Comparative Study
Journal Article
Add like
Add dislike
Add to saved papers

Bony erosion patterns in patients with allergic fungal sinusitis.

OBJECTIVE: To investigate bony erosion patterns in allergic fungal sinusitis (AFS) and to determine whether the extent of erosion correlates with demographics and preoperative clinical parameters.

STUDY DESIGN: Retrospective review of prospectively collected data.

METHODS: Seventy-four patients with a histopathologic diagnosis of AFS were identified. Preoperative computed tomographies (CT) were reviewed to determine sites with bony erosion. The 20-item Sinonasal Outcomes Test (SNOT-20) scores, endoscopy scores, and Lund-Mackay CT scores were compared between patients with and without bony erosion. Patients with bony erosion were further classified based on the extent of erosion. Statistical analysis was performed by using the Student's t-test and the χ(2) test of independence.

RESULTS: Of the 74 patients, 39 (52.7%) had bony erosion and 35 (47.3%) did not. Bony erosion was found to be associated with younger age (27.5 versus 36.0 years; p = 0.011) and African American race (p = 0.041). Preoperative CT scores correlated with the presence and extent of bony erosion (p = 0.010). Sex, race, number of previous surgeries, SNOT-20 scores, and endoscopy scores did not correlate significantly.

CONCLUSION: Younger age and African American race were found to significantly correlate with bony erosion in AFS, which indicated that a more severe inflammatory response was mounted in these patient groups. As expected, higher Lund-Mackay scores correlated with the severity of erosion. The lack of correlation with SNOT-20 scores indicated the insidious nature of this destructive disease. The level of evidence is 4.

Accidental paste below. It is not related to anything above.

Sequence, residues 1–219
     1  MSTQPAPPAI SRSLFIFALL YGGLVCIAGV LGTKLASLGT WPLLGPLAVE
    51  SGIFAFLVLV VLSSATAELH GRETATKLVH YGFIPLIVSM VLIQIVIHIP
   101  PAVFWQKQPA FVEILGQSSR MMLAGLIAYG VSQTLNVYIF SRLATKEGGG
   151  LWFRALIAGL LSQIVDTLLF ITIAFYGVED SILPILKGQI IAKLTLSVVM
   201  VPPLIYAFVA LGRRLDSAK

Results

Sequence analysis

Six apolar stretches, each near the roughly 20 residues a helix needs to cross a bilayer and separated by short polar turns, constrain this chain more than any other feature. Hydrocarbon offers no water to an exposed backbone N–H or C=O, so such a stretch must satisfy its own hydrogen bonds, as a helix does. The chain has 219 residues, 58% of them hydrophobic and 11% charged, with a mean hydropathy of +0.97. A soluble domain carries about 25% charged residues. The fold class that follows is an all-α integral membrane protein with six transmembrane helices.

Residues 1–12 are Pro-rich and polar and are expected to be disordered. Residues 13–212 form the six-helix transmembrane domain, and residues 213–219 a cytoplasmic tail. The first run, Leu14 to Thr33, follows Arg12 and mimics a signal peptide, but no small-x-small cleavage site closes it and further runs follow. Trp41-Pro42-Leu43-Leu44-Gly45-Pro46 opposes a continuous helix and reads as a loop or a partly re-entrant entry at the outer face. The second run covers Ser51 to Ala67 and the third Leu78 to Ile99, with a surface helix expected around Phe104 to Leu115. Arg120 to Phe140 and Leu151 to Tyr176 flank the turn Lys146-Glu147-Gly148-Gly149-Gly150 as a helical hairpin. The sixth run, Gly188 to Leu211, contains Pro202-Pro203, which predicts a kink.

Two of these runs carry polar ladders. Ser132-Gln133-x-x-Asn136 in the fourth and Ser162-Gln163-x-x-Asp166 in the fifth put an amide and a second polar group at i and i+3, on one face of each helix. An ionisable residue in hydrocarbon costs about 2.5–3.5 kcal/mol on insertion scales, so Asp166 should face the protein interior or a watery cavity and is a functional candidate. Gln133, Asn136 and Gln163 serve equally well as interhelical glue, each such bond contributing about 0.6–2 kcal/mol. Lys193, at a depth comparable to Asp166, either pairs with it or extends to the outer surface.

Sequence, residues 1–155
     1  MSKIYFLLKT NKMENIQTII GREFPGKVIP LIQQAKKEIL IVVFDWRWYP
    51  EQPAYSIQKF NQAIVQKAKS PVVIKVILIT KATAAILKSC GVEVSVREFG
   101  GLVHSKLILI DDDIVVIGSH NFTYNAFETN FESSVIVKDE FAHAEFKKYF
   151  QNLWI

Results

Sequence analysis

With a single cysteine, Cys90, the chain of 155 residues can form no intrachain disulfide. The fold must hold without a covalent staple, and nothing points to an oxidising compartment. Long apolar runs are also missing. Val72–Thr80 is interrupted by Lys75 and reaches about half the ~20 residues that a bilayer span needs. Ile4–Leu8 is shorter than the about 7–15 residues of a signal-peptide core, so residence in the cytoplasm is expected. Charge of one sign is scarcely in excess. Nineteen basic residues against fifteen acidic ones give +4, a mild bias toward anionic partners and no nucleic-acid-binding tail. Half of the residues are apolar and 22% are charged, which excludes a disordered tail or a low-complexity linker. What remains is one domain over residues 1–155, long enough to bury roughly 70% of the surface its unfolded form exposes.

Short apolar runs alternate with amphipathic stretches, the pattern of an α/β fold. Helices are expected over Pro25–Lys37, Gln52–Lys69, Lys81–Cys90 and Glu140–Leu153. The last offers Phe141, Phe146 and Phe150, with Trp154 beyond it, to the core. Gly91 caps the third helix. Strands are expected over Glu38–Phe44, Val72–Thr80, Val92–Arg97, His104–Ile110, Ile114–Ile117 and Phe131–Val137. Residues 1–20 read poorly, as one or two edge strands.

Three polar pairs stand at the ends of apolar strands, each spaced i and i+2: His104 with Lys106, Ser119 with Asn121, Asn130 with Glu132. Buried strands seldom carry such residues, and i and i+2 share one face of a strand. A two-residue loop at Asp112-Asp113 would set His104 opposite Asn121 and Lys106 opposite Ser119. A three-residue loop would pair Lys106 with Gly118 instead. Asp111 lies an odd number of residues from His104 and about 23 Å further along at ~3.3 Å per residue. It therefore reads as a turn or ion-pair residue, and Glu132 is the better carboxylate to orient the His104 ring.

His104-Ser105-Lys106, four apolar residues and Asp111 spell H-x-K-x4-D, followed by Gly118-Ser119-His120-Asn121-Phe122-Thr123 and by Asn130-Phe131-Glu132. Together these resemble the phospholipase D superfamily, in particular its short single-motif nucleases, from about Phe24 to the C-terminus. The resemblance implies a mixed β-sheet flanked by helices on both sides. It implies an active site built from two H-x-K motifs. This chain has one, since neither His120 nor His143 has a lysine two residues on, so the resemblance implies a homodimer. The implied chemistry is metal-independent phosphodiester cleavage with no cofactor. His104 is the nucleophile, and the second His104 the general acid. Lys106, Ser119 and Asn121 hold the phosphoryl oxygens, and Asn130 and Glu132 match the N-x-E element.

Full text links

We have located links that may give you full text access.
Can't access the paper?
Try logging in through your university/institutional subscription. For a smoother one-click institutional access experience, please use our mobile app.

Related Resources

For the best experience, use the Read mobile app

Mobile app image

Get seemless 1-tap access through your institution/university

For the best experience, use the Read mobile app

All material on this website is protected by copyright, Copyright © 1994-2024 by WebMD LLC.
This website also contains material copyrighted by 3rd parties.

By using this service, you agree to our terms of use and privacy policy.

Your Privacy Choices Toggle icon

You can now claim free CME credits for this literature searchClaim now

Get seemless 1-tap access through your institution/university

For the best experience, use the Read mobile app